It is an ideal, Stein said, that she learned as a child in the Tel Aviv suburb of Ramat Gan, where she followed the city’s gardener around, learning from him and her parents that the Jewish mission was to build a community in an arid land, to “tie ourselves to the land of Israel.”
It was the Zionist idea that human strength comes from making the most of the land available that propelled her into the field of landscape architecture and into New York’s Queens College in 1964, Stein said. There she became involved in the civil rights movement and transferred to Berkeley the next year. While at Berkeley she volunteered her time in Watts in 1967 and in depressed Northern California towns designing public spaces.
While studying for her master’s degree in landscape architecture at Harvard, Stein and several colleagues won a grant from the Ford Foundation to design a plan for the reclamation of the Sudbury River, a channel that runs through Framingham, an industrial suburb of Boston. Stein’s plan was instituted in the town, and what was once a dump on the banks of the river is now a park, she said.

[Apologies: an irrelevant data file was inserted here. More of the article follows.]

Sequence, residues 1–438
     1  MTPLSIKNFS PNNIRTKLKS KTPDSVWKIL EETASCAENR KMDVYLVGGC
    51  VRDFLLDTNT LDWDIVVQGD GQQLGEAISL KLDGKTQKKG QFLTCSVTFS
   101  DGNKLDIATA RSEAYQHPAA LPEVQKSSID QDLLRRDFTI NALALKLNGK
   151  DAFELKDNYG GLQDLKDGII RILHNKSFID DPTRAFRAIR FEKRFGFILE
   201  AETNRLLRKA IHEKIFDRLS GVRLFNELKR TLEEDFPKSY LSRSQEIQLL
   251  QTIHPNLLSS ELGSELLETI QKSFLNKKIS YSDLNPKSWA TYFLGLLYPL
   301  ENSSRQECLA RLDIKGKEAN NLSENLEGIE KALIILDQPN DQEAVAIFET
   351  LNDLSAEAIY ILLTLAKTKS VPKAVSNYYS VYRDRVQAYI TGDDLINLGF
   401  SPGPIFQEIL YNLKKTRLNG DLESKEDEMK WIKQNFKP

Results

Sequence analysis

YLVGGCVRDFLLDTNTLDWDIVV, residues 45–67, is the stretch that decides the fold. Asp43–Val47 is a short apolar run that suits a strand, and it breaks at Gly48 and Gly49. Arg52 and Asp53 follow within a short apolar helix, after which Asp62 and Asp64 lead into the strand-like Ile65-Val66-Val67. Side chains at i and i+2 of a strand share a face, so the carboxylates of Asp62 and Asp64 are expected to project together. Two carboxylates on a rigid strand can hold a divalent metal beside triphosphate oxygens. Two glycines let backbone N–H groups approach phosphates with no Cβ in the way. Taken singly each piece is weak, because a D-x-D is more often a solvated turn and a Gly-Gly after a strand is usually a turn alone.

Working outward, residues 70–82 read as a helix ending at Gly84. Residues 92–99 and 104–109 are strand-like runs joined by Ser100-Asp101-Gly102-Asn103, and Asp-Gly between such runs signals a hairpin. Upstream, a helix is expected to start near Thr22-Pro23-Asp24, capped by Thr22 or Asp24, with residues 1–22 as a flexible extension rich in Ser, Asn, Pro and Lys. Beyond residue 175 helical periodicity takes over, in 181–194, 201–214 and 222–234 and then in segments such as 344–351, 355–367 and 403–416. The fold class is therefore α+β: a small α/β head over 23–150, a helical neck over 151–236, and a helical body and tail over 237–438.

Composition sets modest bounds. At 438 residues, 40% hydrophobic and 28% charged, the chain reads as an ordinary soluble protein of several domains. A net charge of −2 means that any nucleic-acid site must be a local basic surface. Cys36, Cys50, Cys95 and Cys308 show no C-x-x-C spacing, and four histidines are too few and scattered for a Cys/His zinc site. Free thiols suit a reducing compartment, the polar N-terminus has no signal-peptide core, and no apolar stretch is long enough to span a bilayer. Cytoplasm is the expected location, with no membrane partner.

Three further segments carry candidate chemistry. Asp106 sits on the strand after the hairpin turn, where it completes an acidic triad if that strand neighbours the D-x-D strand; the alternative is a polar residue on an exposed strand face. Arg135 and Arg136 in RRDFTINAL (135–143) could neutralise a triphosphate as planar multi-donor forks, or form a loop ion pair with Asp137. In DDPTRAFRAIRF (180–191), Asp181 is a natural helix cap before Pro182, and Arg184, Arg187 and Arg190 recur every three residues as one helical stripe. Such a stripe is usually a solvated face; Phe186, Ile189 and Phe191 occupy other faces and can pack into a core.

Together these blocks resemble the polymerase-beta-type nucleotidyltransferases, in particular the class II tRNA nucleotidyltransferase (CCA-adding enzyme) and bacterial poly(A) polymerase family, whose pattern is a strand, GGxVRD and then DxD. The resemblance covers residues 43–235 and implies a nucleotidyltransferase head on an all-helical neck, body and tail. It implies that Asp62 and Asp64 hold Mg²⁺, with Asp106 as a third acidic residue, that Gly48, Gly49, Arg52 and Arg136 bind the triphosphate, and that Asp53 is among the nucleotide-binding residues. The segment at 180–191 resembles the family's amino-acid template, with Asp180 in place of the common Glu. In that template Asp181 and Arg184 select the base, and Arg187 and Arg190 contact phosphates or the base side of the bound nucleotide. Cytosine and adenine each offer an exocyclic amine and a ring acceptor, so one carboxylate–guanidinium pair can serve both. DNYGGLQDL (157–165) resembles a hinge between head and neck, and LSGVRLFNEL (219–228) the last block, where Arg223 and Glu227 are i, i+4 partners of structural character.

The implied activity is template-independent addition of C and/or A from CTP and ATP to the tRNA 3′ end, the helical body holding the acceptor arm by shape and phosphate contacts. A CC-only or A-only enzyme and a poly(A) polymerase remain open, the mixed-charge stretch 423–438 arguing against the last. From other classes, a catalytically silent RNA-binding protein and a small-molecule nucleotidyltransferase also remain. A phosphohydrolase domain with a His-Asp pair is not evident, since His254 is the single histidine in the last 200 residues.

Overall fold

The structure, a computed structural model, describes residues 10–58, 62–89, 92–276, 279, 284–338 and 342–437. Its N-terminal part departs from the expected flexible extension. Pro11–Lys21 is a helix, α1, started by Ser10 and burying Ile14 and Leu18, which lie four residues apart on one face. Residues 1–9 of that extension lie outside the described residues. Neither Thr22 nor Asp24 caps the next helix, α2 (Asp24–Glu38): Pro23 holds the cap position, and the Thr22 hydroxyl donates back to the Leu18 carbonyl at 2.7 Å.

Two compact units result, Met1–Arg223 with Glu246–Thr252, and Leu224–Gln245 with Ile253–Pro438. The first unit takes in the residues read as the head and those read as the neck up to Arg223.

In 1979, Stein and her husband, a transportation planner, were awarded Fulbright fellowships to work in India. There, Stein studied how the people of desert towns made the most of their land.
At USC, Stein, 45, is developing a landscape architecture program where there was none before. She is also one of a small number of landscape architects in the city who volunteer their time to help communities, city officials said.
“There should be more people like Achva who are committed to working on community-based projects,” Gabel said. “We have the best laboratory in the world. We have 465 square miles to work with and we can’t do it ourselves.”
Stein said that eventually she would like to set up an institute at USC that would volunteer student and faculty time to develop architectural plans for people who want to improve their communities but can’t afford architects.
“In Los Angeles, I feel that I am needed,” Stein said. “Everywhere you go, there is work to do. We are doing work that the city can’t afford . . . but we’re also helping the students to understand that what they do . . . is important.
“It is my mission,” Stein said. “It is work for the rest of my life.”